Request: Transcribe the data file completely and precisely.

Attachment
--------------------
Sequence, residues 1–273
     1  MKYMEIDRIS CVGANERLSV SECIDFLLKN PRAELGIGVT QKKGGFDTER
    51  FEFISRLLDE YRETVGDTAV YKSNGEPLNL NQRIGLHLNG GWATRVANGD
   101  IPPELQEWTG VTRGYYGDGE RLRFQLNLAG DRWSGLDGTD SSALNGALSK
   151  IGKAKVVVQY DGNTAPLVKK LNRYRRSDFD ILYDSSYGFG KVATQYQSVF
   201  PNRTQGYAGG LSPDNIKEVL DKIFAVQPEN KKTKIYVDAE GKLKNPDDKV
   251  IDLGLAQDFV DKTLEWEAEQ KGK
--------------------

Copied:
Sequence, residues 1–273
     1  MKYMEIDRIS CVGANERLSV SECIDFLLKN PRAELGIGVT QKKGGFDTER
    51  FEFISRLLDE YRETVGDTAV YKSNGEPLNL NQRIGLHLNG GWATRVANGD
   101  IPPELQEWTG VTRGYYGDGE RLRFQLNLAG DRWSGLDGTD SSALNGALSK
   151  IGKAKVVVQY DGNTAPLVKK LNRYRRSDFD ILYDSSYGFG KVATQYQSVF
   201  PNRTQGYAGG LSPDNIKEVL DKIFAVQPEN KKTKIYVDAE GKLKNPDDKV
   251  IDLGLAQDFV DKTLEWEAEQ KGK